One of the most frequent questions I get asked by women in the salon is whether they should dye their hair, and if yes, then what should they use. The world of hair color can be tricky to navigate, and not just for those looking to add some extra blonde highlights. Making the decision to color your hair in order to cover grays can lead to a number of questions: Should I use a permanent color? What is the difference between semi, demi, and permanent? And what should I do?!
The best advice I can give is to talk to your colorist about your wants and needs, taking into consideration your lifestyle and hair care routine. I turned to Cutler’s New York Colorist and Redken Hair color consultant, David Stanko, for some expert advice.
“Crawl, walk and run – that’s the analogy to semi, demi and permanent hair coloring treatments,” explains David. “A semi-permanent color is ready to use, without any mixing. What you see in the bottle is what you get. This category of product was extremely popular in the ‘70s and ‘80s. Way more effective coloring products are available now, such as demi-permanent colorants.”
“Demi’s can color up to 50% gray, change the tone of your hair—from brassy to brunette—or they can tone down the orange in blonde. Plus, the shine and conditioning treatment they give are a major benefit. Demi’s are often intermixed to create the right shade, plus require a dedicate developer to active the colorant. They require some smarts to pick the right shade—and not go too dark; demi’s love porosity! Demi’s are perfect for first timers and color chameleons who like to change their look frequently,”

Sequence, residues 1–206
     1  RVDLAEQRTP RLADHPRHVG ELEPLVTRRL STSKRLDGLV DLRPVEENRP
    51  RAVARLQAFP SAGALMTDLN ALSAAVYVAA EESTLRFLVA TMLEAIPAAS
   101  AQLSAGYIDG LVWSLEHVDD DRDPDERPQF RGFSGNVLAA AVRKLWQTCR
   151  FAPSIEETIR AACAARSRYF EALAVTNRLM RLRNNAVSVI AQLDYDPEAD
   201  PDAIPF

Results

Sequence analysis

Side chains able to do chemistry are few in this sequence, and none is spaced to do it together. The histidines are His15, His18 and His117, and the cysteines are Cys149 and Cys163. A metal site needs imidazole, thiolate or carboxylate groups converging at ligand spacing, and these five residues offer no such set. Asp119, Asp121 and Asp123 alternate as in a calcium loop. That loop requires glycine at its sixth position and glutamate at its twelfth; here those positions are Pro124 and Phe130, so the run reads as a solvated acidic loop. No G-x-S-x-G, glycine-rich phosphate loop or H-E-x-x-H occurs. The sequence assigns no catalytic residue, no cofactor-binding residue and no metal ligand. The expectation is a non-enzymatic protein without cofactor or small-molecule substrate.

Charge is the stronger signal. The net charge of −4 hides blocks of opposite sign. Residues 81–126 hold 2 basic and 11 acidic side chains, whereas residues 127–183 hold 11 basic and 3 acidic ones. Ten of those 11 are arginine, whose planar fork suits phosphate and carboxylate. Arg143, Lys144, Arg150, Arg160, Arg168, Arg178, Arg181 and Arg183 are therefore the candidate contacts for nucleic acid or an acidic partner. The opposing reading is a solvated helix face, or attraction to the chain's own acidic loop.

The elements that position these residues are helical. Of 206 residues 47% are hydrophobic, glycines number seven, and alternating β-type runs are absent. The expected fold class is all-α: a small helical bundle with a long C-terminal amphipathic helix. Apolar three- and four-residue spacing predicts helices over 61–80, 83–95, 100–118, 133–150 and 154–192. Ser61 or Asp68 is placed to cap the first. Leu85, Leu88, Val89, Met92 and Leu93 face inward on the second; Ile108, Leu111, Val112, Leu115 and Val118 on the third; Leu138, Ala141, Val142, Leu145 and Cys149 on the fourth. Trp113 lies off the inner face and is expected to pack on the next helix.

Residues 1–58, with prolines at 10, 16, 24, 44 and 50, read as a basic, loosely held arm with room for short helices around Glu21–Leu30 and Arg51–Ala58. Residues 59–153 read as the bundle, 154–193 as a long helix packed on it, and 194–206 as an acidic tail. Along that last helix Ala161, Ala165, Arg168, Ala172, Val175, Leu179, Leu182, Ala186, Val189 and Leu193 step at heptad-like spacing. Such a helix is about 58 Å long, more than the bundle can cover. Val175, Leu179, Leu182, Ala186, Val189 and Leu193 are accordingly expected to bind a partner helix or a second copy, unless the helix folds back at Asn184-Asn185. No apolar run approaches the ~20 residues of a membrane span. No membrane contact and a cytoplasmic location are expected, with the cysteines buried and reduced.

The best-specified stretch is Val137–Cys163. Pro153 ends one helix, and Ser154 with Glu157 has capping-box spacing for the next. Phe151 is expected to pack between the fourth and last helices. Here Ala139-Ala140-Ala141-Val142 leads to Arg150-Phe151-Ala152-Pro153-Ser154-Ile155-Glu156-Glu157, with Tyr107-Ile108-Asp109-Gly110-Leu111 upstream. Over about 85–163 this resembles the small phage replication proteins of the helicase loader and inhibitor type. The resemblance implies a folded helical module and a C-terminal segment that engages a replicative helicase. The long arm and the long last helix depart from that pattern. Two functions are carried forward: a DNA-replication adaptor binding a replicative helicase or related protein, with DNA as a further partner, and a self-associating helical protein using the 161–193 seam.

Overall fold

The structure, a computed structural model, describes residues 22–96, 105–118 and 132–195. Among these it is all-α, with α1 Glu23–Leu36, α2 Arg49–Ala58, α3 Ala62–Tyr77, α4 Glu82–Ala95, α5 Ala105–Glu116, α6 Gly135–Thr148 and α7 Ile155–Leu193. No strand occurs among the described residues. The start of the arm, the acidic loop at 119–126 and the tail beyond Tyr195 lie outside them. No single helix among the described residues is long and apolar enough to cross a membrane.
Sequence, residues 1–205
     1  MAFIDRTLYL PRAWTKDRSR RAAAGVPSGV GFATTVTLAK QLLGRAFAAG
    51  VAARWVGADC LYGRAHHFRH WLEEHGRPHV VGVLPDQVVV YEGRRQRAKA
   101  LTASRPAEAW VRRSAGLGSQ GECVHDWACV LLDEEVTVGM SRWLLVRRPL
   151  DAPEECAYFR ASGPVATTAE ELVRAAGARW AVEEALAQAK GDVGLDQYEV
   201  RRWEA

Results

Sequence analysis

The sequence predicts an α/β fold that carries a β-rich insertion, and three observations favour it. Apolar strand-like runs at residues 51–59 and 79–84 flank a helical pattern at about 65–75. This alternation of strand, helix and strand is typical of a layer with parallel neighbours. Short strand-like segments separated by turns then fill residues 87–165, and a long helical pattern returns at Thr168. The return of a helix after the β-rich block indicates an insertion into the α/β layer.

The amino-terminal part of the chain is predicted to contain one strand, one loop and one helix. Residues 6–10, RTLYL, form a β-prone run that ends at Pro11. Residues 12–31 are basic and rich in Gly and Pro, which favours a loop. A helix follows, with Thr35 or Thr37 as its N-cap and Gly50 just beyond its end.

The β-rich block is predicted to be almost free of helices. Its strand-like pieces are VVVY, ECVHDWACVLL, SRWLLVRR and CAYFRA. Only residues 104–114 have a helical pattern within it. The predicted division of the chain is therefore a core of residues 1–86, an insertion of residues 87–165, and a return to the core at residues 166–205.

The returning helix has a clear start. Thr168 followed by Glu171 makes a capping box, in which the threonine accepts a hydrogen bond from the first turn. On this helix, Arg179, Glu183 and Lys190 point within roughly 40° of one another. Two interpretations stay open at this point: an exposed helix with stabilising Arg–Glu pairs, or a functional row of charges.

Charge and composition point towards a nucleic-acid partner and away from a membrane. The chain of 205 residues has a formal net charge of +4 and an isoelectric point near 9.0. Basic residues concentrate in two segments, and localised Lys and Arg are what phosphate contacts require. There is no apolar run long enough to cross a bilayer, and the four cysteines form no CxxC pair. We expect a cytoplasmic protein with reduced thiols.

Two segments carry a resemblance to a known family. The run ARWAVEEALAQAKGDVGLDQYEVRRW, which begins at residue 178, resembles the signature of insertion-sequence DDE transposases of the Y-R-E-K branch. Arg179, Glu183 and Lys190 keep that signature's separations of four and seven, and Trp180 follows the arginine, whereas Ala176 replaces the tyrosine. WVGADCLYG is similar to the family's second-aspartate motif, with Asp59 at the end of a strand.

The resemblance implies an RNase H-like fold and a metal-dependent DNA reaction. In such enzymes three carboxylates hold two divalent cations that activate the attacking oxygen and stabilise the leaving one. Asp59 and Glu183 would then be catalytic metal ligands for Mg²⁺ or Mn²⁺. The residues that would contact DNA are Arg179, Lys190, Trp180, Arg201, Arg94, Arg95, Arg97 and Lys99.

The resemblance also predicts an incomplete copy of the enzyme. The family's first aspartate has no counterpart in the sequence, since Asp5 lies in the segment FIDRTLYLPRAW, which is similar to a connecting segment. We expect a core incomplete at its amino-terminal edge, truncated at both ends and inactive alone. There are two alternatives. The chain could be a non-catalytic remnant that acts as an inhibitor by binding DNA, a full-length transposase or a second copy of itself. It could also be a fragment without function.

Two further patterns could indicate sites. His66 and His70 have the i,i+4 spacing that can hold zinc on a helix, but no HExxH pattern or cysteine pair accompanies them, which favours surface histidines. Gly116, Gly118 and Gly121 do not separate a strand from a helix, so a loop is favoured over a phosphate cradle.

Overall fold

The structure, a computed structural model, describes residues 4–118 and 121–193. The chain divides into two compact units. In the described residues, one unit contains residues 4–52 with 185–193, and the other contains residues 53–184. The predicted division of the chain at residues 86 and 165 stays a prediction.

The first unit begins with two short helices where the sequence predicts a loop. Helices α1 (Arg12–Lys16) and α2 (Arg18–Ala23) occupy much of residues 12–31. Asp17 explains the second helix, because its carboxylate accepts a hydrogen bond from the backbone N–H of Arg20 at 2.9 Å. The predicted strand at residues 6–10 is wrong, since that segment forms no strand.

“Permanent color is probably the most used in salons to cover gray (up to 100%), lighten or darken natural hair color, and create blondes and reds alike. Permanent color is mixed with a developer of various volumes—strengths—and it becomes permanently part of the hair strand. It lasts until it grows out or gets cut out.”
David’s best advice? “Women interested in coloring their hair for the first time may want to start with a demi-type color, then graduate to a permanent color when gray hair population increases or obvious color changes are requested.”